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Data Engineering, 2000. Proceedings. 16th International Conference on

Date Feb. 29 2000-March 3 2000

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  • Proceedings of 16th International Conference on Data Engineering (Cat. No.00CB37073)

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  • Data Mining: Niche Market or Killer App?

    Page(s): 361
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  • XML + Databases = ? (panel session)

    Page(s): 657
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  • Tutorial 1: Web Information Retrieval

    Page(s): 693
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    Summary form only given, as follows. The Web explosion offers a bonanza of algorithmic problems. In particular, information retrieval in the Web context requires methods and ideas that have not been addressed in the classic IR literature. This tutorial will survey emerging techniques for IR in the Web context and discuss some of the pertinent open problems. The list of topics includes search engine technology, ranking and classification methods, Web measurements (usage, size, connectivity) and new graph and data structure problems arising in the Web IR context. View full abstract»

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  • Tutorial 2: Mobile and Wireless Database Access for Pervasive Computing

    Page(s): 694 - 695
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    Summary form only given, as follows. We are in the midst of a wireless and mobile revolution. In the near future, a typical computing environment - business, personal, scientific or educational - will provide wireless network connectivity between powerful data servers and mobile, sometimes disconnected, computers and devices. This has created exciting opportunities for developing a wide range of innovative database applications and systems. However, an open question remains: What kind of system will be capable of offering scalable data services and exhibit scalable performance? Besides advances in communications and hardware, does achieving pervasive mobile computing require innovative theories and paradigms in data management or new data engineering techniques? The objective of this tutorial is to provide an answer to the above questions by presenting the current state-of-the-research and contrasting it with the state-of-the-practice. Towards this, it will provide an overview of the commercial-state-of-the-art for supporting mobile database access and present a summary of the significant research advances in theories and techniques for mobile and wireless data access. It will also discuss some future directions in the context of pervasive and invisible computing applications. View full abstract»

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  • Tutorial 5: Indexing high-dimensional spaces: database support for next decade's applications

    Page(s): 698 - 699
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    Summary form only given. The tutorial is structured as follows: In the first section, we describe two examples of new database applications, which demonstrate the need for efficient query processing techniques in highdimensional spaces. In the second section, we discuss the effects occurring in high-dimensional spaces ?? first from a pure mathematical point of view and then from a database perspective. Next, we describe the different approaches for modeling the costs of processing queries on high-dimensional data. The description of the different approaches demonstrates nicely what happens if we ignore the special properties of high-dimensional spaces. In the fourth section, we then provide a structured overview of the proposed querying and indexing techniques, discussing their advantages and drawbacks. In this section, we also cover a number of additional techniques dealing with optimization and parallelization. In concluding the tutorial, we try to stir further research activities by presenting a number of interesting research problems. View full abstract»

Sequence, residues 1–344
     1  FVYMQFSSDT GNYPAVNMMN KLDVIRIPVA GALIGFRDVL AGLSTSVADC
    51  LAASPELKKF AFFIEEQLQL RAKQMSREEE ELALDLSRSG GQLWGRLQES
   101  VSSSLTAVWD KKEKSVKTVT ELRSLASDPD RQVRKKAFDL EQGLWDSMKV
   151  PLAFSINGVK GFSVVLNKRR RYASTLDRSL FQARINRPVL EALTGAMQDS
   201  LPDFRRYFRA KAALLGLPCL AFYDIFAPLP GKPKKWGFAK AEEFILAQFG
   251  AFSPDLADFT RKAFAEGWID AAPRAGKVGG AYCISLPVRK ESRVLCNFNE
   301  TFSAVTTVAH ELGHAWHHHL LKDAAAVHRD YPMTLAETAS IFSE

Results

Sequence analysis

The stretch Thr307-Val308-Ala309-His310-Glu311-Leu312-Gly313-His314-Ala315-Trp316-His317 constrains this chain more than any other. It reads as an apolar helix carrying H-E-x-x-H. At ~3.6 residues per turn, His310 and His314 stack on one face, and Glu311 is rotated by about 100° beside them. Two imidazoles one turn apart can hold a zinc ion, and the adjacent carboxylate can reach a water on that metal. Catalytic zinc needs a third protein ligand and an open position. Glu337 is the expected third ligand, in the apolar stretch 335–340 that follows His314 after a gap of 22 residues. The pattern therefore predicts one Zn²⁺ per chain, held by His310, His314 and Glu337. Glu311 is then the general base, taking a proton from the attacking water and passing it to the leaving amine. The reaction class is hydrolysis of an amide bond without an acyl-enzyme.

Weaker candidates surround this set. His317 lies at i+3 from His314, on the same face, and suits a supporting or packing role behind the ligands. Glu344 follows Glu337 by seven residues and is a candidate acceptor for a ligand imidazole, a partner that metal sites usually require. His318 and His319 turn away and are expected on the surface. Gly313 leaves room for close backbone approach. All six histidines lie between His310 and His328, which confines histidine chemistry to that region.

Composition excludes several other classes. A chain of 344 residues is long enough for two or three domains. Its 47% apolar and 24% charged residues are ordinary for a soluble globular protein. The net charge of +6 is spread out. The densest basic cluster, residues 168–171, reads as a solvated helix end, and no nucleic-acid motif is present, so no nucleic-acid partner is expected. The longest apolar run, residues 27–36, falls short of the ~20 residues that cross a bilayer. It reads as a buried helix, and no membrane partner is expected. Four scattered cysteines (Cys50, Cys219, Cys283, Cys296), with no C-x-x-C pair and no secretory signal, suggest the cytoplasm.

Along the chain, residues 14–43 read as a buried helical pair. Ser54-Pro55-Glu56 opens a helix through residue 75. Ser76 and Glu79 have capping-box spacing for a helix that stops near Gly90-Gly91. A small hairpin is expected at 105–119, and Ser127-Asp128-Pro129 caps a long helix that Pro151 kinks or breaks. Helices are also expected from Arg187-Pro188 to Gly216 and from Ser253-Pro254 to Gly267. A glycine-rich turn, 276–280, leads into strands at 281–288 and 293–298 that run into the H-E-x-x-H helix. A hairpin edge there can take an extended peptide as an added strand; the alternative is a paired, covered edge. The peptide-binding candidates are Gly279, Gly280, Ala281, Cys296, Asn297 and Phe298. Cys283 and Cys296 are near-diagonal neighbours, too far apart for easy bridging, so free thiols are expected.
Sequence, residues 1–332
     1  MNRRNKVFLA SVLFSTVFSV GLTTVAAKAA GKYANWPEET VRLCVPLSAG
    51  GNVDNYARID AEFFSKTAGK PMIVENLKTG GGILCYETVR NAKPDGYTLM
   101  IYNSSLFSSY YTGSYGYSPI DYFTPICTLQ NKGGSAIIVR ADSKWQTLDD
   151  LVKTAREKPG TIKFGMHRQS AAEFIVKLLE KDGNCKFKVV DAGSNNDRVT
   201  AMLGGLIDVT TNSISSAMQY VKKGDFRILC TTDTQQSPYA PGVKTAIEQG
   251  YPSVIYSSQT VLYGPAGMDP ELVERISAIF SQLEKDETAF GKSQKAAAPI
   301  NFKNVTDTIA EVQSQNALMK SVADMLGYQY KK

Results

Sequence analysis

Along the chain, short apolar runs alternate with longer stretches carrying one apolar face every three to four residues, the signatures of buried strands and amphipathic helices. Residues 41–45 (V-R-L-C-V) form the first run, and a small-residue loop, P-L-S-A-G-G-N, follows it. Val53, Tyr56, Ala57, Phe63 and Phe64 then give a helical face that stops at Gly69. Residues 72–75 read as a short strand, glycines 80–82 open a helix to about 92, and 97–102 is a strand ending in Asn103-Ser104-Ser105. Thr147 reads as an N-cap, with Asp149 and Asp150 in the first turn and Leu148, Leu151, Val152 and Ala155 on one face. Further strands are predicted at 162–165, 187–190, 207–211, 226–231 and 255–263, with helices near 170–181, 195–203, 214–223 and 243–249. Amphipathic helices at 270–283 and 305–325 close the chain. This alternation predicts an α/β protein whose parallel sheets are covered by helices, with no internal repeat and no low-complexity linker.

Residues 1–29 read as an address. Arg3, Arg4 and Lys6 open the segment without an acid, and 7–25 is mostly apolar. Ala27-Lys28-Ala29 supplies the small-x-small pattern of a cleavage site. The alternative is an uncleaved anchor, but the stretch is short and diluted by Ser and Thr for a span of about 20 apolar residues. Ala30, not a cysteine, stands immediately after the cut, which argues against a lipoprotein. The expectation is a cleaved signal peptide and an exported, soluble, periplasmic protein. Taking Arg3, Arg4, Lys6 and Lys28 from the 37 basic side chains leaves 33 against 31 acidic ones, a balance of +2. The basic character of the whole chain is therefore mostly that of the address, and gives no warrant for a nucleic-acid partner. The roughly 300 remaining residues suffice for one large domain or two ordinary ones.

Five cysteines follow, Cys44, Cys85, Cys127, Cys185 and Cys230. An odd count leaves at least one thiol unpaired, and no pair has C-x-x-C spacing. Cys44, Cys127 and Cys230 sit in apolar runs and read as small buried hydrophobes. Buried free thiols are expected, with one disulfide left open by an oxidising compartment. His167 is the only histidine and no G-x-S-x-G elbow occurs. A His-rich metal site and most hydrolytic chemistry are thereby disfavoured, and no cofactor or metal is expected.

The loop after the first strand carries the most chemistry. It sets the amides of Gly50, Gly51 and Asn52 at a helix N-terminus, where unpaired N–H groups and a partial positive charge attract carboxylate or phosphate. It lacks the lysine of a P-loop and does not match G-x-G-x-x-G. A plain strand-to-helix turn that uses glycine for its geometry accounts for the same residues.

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  • Author index

    Page(s): 701 - 703
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  • Power conservative multi-attribute queries on data broadcast

    Page(s): 157 - 166
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    Studies power conservation techniques for multi-attribute queries on wireless data broadcast channels. Indexing data on broadcast channels can improve the client filtering capability, while clustering and scheduling can reduce both the access time and the tune-in time. Thus, indexing techniques should be coupled with clustering and scheduling methods to reduce the battery power consumption of mobile computers. In this study, three indexing schemes for multi-attribute queries, namely the index tree, signature and hybrid index, are discussed. We develop cost models for these three indexing schemes and evaluate their performance based on multi-attribute queries on wireless data broadcast channels View full abstract»

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  • The IDEAL approach to Internet-based negotiation for e-business

    Page(s): 666 - 667